And finally, much of the content people see today is determined by algorithms, with very little visibility into how they choose what they show. We took a first step in making this more transparent by building a button to turn off our home timeline algorithms. Its a good start.
Were inspired by the market approach suggested by Dr. Stephen Wolfram before this committee in June 2019. Enabling people to choose algorithms created by third parties to rank and filter their content is an incredibly energizing idea thats in reach. https://writings.stephenwolfram.com/2019/06/testif
Requiring 1) moderation process and practices to be published, 2) a straightforward process to appeal decisions, and 3) best efforts around algorithmic choice, are suggestions to address the concerns we all have going forward. And theyre all achievable in short order.
Its critical as we consider these solutions, we optimize for new startups and independent developers. Doing so ensures a level playing field that increases the probability of competing ideas to help solve problems. We mustnt entrench the largest companies any further.
This is a personal preference but I'm not a fan of the beard. Or David Letterman's , for that matter.
Guests are James Carville and Stuart Stevens.
It underwent five full legal implementations:
1789-1807: six seats
1807-1837: seven seats
1837-1866: ten seats
1866-1867: nine seats
1867-1869: eight seats
1869-present: nine seats
And twice, legislation changed its size but was never implemented for various reasons, notably the Judiciary Act of 1801 (or Midnight Judges Act), which would have reduced its size to five upon the next vacancy but was repealed by the Judiciary Act of 1802.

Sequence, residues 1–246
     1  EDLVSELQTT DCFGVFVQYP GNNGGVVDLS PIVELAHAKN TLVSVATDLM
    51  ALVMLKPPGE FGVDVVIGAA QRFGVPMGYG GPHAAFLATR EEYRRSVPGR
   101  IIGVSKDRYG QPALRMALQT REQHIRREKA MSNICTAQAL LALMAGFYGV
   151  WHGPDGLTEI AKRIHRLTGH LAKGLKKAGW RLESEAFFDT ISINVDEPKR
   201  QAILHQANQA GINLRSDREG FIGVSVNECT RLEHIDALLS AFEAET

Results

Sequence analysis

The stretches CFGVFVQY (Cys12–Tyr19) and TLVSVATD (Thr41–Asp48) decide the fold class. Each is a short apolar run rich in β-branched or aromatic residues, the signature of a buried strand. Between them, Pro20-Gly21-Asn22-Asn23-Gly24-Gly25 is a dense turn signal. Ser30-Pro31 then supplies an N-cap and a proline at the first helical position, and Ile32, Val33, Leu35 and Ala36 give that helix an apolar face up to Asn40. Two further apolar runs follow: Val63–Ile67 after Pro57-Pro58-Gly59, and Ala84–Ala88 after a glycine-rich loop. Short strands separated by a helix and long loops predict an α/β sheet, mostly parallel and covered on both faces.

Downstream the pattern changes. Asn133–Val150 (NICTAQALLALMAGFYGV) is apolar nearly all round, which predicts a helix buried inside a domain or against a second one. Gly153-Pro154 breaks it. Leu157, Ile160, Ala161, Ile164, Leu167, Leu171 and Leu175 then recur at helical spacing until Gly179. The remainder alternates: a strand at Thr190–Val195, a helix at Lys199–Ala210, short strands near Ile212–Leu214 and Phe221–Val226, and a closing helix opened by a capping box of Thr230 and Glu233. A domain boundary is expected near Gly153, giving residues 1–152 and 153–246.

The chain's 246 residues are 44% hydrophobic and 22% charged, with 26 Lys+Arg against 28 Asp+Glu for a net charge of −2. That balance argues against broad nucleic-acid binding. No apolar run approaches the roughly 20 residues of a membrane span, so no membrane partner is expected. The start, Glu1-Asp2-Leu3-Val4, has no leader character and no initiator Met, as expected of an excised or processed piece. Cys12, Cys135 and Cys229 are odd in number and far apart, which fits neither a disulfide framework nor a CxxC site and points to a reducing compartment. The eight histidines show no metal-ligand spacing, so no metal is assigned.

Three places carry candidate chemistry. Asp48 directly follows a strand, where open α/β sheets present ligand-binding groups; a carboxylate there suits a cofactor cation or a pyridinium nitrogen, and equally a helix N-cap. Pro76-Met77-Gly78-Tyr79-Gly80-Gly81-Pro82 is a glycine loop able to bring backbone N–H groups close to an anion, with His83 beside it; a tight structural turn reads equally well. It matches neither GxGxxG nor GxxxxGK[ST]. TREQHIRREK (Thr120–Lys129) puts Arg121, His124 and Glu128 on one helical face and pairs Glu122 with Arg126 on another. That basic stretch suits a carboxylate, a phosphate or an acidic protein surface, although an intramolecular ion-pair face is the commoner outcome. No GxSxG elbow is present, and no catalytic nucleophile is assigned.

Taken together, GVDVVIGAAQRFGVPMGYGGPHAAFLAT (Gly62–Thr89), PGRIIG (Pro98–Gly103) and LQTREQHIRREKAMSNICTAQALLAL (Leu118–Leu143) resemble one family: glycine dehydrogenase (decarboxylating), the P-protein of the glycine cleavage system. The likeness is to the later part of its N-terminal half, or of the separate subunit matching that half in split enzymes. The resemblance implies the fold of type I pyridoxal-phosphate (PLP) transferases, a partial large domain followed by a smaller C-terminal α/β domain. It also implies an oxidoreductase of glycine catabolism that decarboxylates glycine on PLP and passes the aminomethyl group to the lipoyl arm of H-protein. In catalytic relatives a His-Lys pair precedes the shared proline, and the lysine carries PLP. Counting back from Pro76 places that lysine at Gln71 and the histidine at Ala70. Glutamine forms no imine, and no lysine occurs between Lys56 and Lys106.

Another attempt that was never (fully) implemented was the Judicial Circuits Act of 1866, which would have provided the next three justices not be replaced when they retire; however, only two seats were eliminated before the Circuit Judges Act altered the size to nine seats.
But why all the fluctuation?
Well, the way our judiciary system is set up is having three levels of federal courts.
At the district level, the lowest, there are 673 federal judges.
They're overseen by 179 appeals judges (circuit courts).
At the top: 9 SCOTUS justices.
Over time, the expansion of the United States in both land and population required a greater workload, which meant more district judges, more appeals judges, etc.
For example, the Seventh Circuit was added in 1807, along with a SCOTUS justice to match in labor.
That's how we eventually got to nine justices, to correspond with nine circuit courts. There's a lot of political maneuvering between parties here, tho, which is why we went from 7 to 10 to 9 to 8 to 9.
(Are you getting the feeling the court has always been political? Correct.)
It's also fair to note that the practice of SCOTUS justices "riding circuit", as in literally taking a tour of courts in their corresponding region, fell out of practice with time.
What didn't change is that we STILL altered the federal judiciary LONG after 1869. Like recently.
For example, in 1978, Congress authorized 117 additional district judges and 35 circuit court judges (the appeals judges) to be appointed by the President.
In 1984, there were 24 additional circuit court judges authorized.
Fast-forward to Obama's presidency, when despite Democrats winning two presidential elections in a row, McConnell and GOP Senators blocked over 100 judicial nominations by Obama.
There was "no will of the people" nonsense. He just blocked them. Didn't even consider them.
There are 870 federal judgeships that are nominated by the President and confirmed by the Senate, authorized under Article III fo the Constitution.
Through this egregious process, Trump and McConnell have slammed through 220 confirmations at those three levels. In 4 years.
For comparison, Obama put through 329 over EIGHT years through a good faith process.
For those doing the math, Trump has confirmed about 25% more federal judges annually. That's a lot. And it was done so through an intentional rigging of the process at stunning speed.